Opposition leaders have either been detained or forced to leave the country as massive protests - a first of their kind - gather steam.
Belarus’s Russian-backed autocratic leadership has cracked down on the opposition as large-scale protests against the country’s longtime leader, Alexander Lukashenko, continue to hit the capital Minsk.
Several opposition leaders, who have been instrumental in launching the anti-government protests after last month’s allegedly rigged presidential elections, now fear for their lives - many have already left the country.
Svetlana Tikhanovskaya, Lukashenko's main challenger, who was recently filmed walking towards the presidential palace with a rifle, left Belarus for Lithuania, a neighbouring state. With elections around the corner, she is out of the picture as she felt her life was in danger.
Another prominent opposition figure, Veronika Tsepkalo, left Belarus for the Baltic state of Lithuania, formerly part of the Soviet Union, the predecessor state to the Russian Federation.
Most recently, Belarus, which appeared to use the expulsion of prominent opposition figures as a tactic to weaken the anti-government movement across the country, has also forced another leading opposition leader, Maria Kolesnikova, to flee.
According to the opposition Coordination Council, some plainclothes and mask-wearing state operators abducted Kolesnikova in the centre of Minsk, driving her and two other council members to the Ukraine border.
But she refused to leave the country, triggering the government to arrest her. Even some social media accounts suggested that she tore up her passport to prevent her forcible banishment from Belarus to Ukraine.
Both Ukraine and Lithuania, which were formerly under Russian political influence, have turned their faces toward the West. Moscow strongly backs Lukashenko, even offering military assistance if needed.
Belarus: a Russian satellite state?
Belarus, which means White Russia, is a Russian-majority state in Eastern Europe.
Some analysts have argued that Lukashenko’s troubles are a bad omen for Russian President Vladimir Putin, whose approval ratings have dropped to their lowest levels, according to different surveys.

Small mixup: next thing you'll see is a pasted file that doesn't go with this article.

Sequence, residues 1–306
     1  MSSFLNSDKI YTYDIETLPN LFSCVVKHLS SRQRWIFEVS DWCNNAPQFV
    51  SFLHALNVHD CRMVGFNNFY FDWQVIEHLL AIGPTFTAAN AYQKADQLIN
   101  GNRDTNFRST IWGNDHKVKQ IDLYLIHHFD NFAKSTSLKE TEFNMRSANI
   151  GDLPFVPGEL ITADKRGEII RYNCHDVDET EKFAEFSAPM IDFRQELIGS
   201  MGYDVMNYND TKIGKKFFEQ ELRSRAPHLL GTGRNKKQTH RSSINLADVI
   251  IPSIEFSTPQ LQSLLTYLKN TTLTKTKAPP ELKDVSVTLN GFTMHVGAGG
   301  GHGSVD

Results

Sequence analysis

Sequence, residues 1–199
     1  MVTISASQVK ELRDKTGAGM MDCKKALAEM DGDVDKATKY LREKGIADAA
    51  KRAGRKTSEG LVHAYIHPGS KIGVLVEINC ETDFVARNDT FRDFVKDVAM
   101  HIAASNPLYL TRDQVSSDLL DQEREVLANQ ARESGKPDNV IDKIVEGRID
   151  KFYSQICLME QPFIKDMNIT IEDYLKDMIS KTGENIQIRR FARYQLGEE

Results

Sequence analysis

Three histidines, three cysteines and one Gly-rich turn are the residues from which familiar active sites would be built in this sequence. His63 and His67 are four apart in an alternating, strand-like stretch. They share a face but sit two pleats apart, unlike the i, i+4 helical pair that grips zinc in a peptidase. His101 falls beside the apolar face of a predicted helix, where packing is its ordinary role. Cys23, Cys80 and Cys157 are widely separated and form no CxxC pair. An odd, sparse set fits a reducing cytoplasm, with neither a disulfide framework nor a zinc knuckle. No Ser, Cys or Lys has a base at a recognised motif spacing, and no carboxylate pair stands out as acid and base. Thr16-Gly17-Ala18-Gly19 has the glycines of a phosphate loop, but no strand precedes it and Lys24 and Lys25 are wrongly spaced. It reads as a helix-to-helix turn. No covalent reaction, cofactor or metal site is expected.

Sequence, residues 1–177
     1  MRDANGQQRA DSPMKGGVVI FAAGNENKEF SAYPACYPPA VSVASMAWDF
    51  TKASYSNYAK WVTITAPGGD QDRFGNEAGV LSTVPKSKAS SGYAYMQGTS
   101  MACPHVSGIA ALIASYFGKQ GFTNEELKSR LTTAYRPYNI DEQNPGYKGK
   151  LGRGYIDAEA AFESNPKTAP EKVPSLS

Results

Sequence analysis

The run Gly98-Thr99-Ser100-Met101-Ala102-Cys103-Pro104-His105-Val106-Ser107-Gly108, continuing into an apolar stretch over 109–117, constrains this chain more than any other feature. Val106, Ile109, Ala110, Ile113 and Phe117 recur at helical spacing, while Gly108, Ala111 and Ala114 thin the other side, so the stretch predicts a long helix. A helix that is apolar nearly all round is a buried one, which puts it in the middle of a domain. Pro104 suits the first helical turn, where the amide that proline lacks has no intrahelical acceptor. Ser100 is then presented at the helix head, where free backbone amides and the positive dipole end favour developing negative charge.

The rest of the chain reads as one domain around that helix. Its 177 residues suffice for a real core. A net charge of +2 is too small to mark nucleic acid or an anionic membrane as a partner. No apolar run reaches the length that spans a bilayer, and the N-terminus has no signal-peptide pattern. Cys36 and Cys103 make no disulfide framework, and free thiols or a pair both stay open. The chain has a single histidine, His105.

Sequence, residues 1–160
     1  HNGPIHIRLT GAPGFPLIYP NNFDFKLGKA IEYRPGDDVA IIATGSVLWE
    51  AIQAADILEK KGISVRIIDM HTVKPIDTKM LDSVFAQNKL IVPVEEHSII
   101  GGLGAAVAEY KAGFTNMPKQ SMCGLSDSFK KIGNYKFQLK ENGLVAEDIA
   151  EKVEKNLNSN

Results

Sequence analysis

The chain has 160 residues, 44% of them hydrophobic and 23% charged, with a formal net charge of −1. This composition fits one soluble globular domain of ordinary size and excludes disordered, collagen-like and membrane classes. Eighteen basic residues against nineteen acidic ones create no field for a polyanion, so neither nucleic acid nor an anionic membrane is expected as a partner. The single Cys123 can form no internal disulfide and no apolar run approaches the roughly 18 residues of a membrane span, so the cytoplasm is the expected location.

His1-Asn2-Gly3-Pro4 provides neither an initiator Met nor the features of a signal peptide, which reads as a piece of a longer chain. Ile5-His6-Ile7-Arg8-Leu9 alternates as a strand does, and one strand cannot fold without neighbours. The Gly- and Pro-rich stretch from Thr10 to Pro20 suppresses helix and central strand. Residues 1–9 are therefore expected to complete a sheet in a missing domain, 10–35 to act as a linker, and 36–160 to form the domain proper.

Lukashenko, an ally of Putin’s, appears to emulate Moscow's tactics, known for its brutal practices including exiling, poisoning and assassinating its political enemies.
The loss of Belarus could leave Russians with an unbearable pain to bear - it was forced to leave the Baltic states after the collapse of the communist Soviet Union in the late 1980s.
Since then, Moscow has also lost serious political ground in Ukraine. Anti-Russian opposition forces eventually claimed power in Kiev, a city with deep historical memories for Russians, especially since it was the old capital of their first state in the late 9th century.
“NATO troops are at our gates. Lithuania, Latvia, Poland and our native Ukraine are ordering us to hold new elections,” Lukashenko said last month as pressure has grown against his one-man rule.
Even he claimed that Belarus would “die as a state” in the case of new elections, portraying himself the ultimate saviour of the land-locked country.
“I have never betrayed you and will never do so,” he assured.
However, neither his fellow citizens, nor the EU leadership have been left impressed with Lukashenko’s version of patriotism.
The EU condemned the arrests in strong terms on Monday.
“Arbitrary arrests and kidnappings on political grounds in Belarus, including this morning’s brutal actions against Andrei Yahorau, Irina Sukhiy & Maria Kalesnikova (Kolesnikova) are unacceptable,” wrote EU foreign-policy chief, Josep Borrell, on Twitter.
Borrell also urged Belarussian authorities to act decently against its own citizens.
Despite Lukashenko's hard-headed tactics against opposition figures, and arrests of at least 7,000 protesters up to date, tens of thousands of people have still shown up in the streets of Minsk to protest the state’s suppressive policies at the weekend.